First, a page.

Computer vision applications are endless. From self-driving vehicles to robust facial recognition software, computer vision is one of the hottest subfields of AI at the moment. But human vision has proven itself as a uniquely challenging gift to bestow on machines.
As living creatures, making sense of the world around us comes naturally. For computers, vision requires sophisticated deep learning algorithms. But algorithms don’t rely on magic — they need to be fed immense amounts of high-quality data. That’s where 2D and 3D semantic segmentation comes into play.
Computer vision has the potential to revolutionize diverse industries. But it all begins with the process of identifying and classifying objects—otherwise known as image segmentation. Let’s dive into what this looks like and how, when performed well, this process produces high-quality, reliable training datasets for machine learning models.
Instance vs. Semantic Segmentation
The objective of any computer vision project is to develop an algorithm that detects objects. But that’s not enough — object detection must be accurate. Otherwise, autonomous vehicles and unmanned drones would pose an unquestionable danger to the public.
Environment analysis relies on image and video segmentation. In a nutshell, segmentation uses a “divide and conquer” strategy to process visual input.
Two types of image segmentation exist:
- Semantic segmentation. Objects shown in an image are grouped based on defined categories. For instance, a street scene would be segmented by “pedestrians,” “bikes,” “vehicles,” “sidewalks,” and so on.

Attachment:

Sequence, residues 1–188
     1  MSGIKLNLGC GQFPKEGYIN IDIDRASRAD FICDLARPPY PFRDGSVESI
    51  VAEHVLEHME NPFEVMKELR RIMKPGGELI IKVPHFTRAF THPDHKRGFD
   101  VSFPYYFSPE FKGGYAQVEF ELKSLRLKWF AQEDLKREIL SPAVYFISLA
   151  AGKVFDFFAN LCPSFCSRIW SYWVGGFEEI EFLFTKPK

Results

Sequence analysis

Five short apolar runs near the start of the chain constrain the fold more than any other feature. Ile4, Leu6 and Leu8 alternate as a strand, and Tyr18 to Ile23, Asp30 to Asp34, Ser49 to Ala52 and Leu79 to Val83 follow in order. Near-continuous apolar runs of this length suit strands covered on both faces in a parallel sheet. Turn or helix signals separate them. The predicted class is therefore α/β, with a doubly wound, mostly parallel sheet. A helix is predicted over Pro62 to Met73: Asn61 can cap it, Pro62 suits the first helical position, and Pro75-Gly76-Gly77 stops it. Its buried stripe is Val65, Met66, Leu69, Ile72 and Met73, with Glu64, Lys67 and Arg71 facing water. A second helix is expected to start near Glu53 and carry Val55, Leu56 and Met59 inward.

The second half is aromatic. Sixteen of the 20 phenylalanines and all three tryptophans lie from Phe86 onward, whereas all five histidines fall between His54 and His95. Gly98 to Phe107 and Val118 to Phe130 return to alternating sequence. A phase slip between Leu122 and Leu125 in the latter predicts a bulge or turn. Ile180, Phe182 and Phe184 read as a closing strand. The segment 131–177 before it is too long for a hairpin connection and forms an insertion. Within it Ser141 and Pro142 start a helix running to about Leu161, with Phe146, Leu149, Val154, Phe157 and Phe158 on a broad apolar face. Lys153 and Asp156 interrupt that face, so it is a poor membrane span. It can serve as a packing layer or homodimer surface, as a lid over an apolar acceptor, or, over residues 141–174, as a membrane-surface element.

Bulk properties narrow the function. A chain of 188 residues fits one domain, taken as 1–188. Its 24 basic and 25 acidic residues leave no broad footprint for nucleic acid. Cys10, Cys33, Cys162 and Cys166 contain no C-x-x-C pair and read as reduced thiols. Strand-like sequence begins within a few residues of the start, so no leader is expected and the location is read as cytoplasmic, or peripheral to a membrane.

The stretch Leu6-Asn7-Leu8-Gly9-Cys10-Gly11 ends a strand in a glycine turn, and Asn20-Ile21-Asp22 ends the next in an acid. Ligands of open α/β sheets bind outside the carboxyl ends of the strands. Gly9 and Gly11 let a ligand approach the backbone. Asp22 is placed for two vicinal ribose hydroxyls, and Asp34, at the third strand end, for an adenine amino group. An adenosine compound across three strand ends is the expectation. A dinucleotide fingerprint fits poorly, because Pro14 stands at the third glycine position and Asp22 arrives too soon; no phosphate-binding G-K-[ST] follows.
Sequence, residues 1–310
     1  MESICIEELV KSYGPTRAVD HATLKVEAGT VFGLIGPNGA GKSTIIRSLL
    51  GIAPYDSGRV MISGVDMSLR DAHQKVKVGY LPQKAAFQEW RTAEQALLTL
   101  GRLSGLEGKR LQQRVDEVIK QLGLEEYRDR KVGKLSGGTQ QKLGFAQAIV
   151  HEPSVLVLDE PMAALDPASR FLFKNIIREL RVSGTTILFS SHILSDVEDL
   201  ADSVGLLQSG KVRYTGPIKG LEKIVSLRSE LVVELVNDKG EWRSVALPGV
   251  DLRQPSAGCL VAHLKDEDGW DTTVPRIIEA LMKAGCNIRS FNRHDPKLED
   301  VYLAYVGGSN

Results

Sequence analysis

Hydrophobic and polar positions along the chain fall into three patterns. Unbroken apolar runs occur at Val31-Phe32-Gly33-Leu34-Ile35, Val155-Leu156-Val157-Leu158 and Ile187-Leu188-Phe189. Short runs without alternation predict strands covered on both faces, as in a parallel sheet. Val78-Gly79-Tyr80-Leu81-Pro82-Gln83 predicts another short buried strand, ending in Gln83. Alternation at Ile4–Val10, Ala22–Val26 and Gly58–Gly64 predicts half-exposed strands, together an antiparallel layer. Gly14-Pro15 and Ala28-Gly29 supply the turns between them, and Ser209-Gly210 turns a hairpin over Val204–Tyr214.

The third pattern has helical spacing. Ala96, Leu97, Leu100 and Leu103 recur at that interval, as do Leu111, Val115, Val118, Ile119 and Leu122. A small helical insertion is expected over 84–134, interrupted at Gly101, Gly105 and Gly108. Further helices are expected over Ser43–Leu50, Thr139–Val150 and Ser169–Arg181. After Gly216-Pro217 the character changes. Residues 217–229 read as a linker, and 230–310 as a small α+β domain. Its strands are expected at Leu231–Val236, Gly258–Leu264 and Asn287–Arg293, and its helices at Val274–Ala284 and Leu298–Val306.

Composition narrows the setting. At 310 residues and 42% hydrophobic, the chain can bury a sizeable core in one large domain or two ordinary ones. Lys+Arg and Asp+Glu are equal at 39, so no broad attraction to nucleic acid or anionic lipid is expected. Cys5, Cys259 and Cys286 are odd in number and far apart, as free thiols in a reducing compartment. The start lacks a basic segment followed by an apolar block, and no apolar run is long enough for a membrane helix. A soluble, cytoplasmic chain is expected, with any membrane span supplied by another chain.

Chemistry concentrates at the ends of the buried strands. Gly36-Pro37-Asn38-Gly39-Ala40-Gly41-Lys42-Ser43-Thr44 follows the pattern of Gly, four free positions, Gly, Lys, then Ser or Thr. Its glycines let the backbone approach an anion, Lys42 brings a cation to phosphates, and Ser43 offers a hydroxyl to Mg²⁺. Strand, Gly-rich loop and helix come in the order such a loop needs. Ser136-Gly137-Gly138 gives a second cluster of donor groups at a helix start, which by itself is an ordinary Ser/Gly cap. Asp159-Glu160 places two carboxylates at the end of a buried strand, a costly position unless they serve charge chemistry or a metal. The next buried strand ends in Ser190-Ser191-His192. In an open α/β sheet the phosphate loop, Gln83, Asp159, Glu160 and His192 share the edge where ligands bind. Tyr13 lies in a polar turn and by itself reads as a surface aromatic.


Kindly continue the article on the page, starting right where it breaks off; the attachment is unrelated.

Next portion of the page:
- Instance segmentation. Consider instance segmentation a refined version of semantic segmentation. Categories like “vehicles” are split into “cars,” “motorcycles,” “buses,” and so on — instance segmentation detects the instances of each category.
In other words, semantic segmentation treats multiple objects within a single category as one entity. Instance segmentation, on the other hand, identifies individual objects within these categories.
To achieve the highest degree of accuracy, computer vision teams must build a dataset for instance segmentation.
Semantic Segmentation for Deep Learning
Image processing techniques have come a long way. Before the era of deep learning, image processing relied on gray level segmentation, which wasn’t robust enough to represent complex classes (e.g., “pedestrians”). The application of conditional random fields (CRFs), a class of statistical modeling methods, allowed for structured prediction, paving the way for other methods.
Deep learning leads to the use of fully convolutional networks (FCNs), U-Nets, the Tiramisu Model — and other sophisticated solutions that have produced results with unprecedented resolution.
Methods for semantic segmentation are constantly improving. But how is the technique useful beyond the lab?
Semantic Segmentation in Action: Real-World Applications
Here’s how semantic segmentation makes an impact across industries:
- Self-driving cars. Semantic segmentation identifies pedestrians, other vehicles, lanes, and other objects of interest, allowing autonomous vehicles to stay safe.
- Medical scans. Tumors, abscesses, and other MRI abnormalities are detected and outlined using the technique of semantic segmentation.
- Satellite imagery. Semantic segmentation maps the world from above, outlining bodies of water, roads, crop fields — even free parking spaces.
- Clothing. Fashion retailers use segmentation to recommend similar items of clothing and swap outfits digitally.
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Are you interested in high-quality training datasets for your next machine learning project? Get in touch with a member of our team today to book your free demo.